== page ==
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Tips to Help you “Get it Right in Camera”

Getting it Right in Camera

“Get it right in camera” is a saying that gets thrown around in the photography community often. This can be confusing to a lot of newbies who easily misunderstand the concept when they first come across it. It doesn’t mean you come away with a perfect image straight out of camera. It means you did all the things in camera that you could. If you’re the type that shoots JPEGs, and hate editing, you might be done and happy with the photo you created. However, if you shoot in RAW you will have saved yourself valuable time in post processing and possibly saved a photo that otherwise might not have made the cut.

Shoot Manual

Learn to shoot in manual mode. Shooting in manual has helped me take better photos vs when I used aperture priority mode. Particularly when it comes to getting my exposure right. As great as modern cameras and phones are, they still have flaws when it comes to properly exposing an image. The video by Peter Coulson below is what finally convinced me to make the switch.

Slow down

Slow down and think through your photo before you press the shutter button. This allows you to spot things that need to be adjusted in camera. Is your horizon level? Is your model/subject properly in focus? Does the background help or hinder your image? Fly away hairs and exposed clothing tags aren’t fun to fix in post, but can easily be taken care of during your shoot. Paying attention to the details while you are behind the camera takes time to master but slowing down will allow you to achieve higher quality images.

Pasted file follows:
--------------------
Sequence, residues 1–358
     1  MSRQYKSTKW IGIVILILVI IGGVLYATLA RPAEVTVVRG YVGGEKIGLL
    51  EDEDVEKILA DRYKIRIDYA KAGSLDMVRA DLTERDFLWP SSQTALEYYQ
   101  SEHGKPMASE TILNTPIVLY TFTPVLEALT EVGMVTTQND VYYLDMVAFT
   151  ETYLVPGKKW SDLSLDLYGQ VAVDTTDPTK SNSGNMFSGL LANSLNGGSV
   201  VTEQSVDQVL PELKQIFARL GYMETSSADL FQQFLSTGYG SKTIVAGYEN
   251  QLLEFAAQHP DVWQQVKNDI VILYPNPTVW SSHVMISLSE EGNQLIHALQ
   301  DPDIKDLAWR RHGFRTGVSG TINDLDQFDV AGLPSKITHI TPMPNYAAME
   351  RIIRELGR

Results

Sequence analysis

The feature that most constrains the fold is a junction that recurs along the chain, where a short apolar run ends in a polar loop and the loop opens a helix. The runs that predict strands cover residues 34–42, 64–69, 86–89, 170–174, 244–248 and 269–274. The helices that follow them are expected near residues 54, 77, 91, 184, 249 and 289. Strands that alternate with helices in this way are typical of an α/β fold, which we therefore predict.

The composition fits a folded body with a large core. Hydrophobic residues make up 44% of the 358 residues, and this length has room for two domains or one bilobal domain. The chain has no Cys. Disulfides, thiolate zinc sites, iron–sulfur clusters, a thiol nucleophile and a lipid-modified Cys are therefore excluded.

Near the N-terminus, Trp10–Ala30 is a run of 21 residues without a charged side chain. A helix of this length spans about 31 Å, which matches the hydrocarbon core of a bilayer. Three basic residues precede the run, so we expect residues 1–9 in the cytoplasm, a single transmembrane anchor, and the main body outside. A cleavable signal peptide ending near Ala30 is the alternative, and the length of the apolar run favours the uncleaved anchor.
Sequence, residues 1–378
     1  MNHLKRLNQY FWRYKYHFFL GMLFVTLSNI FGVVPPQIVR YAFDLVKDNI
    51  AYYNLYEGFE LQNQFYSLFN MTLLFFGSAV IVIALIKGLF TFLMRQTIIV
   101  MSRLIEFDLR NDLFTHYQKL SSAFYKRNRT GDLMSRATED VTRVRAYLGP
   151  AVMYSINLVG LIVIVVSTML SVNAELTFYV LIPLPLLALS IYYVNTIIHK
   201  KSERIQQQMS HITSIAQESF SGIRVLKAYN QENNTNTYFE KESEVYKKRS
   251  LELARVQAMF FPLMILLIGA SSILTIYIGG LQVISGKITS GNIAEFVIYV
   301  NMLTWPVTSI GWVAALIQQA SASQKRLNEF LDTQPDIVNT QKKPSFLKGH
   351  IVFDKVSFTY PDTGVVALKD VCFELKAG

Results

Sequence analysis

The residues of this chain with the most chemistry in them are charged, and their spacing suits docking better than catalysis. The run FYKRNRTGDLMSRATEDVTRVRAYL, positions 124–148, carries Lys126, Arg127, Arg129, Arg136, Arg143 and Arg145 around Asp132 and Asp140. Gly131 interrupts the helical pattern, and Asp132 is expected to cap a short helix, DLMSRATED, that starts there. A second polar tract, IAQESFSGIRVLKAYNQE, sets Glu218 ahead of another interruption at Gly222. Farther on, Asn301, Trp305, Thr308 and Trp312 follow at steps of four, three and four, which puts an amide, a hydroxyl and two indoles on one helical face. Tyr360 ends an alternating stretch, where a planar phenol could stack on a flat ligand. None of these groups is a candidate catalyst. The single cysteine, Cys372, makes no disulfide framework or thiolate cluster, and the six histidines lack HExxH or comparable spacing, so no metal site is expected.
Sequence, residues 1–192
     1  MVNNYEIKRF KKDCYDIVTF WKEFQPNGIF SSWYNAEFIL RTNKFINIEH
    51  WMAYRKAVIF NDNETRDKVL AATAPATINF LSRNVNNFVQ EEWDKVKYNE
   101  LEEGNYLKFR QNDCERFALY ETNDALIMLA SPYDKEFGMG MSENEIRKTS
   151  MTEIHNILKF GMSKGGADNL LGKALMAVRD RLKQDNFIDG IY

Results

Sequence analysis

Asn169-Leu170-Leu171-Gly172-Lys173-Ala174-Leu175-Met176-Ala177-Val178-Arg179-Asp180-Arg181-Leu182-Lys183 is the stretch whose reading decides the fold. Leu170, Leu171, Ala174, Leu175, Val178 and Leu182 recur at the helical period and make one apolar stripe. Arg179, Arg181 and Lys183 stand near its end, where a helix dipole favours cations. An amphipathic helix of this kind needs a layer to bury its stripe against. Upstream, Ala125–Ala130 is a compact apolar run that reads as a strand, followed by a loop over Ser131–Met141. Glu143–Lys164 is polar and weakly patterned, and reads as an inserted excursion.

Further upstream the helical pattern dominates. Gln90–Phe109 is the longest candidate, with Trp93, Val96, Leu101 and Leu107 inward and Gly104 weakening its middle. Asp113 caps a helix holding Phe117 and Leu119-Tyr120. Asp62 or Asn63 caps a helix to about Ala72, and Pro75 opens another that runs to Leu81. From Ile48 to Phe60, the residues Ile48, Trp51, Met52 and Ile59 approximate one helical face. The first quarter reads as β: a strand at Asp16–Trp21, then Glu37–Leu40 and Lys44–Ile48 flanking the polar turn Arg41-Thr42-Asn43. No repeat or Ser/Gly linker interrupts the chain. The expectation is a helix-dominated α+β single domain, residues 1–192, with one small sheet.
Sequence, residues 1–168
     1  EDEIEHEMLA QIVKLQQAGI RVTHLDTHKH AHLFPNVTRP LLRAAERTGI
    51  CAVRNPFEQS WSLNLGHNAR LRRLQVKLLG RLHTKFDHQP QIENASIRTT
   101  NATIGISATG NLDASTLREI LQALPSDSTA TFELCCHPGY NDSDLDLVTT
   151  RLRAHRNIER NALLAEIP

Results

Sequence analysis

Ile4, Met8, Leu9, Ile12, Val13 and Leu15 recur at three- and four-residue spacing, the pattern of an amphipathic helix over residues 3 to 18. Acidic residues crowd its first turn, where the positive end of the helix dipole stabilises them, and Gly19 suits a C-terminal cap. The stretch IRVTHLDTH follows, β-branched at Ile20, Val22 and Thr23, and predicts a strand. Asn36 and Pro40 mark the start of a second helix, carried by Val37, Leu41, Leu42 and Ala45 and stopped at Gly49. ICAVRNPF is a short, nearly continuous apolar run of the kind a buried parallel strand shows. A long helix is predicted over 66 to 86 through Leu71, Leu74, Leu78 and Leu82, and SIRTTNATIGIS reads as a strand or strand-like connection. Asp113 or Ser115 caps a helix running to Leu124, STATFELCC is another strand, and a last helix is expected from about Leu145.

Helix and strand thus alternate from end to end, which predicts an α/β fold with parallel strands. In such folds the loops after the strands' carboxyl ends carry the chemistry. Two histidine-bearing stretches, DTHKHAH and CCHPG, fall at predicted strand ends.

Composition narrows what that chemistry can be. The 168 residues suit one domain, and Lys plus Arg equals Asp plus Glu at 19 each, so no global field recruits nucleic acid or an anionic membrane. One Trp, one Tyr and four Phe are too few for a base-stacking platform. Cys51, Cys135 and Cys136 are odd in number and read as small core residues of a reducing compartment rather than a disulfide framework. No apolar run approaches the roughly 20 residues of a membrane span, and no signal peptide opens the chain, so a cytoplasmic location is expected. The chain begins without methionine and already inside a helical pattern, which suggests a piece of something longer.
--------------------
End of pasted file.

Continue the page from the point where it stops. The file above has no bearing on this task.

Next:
Crop it Right

Getting your crop right in camera will not only save you some time but might just prevent you from making a mistake in the first place. There have been numerous times where this would have helped me save a photo. Start by thinking about the aspect ratio you want for the shot you are about to take. Next, you will want to take a moment and frame the shot to avoid unsightly problems. Here are 3 basic cropping tips to help you avoid these common mistakes I see often:

  • Crop Between the Joints, not at Them

  • Don’t cut off the Hands or Feet of your Model.

  • Watch for Background Objects that Appear to come out of Your Model's head.

Final Thoughts

Of all the tips above, slowing down is by far the most important, at least in my opinion. Simply being more intentional with your photography can pay dividends not only with coming away with a better image but allowing you to see photos and compositions that you might not have noticed before. When you are first starting out it might be difficult to pick out all the details that go into an amazing image but over time, and with practice, it will become second nature.

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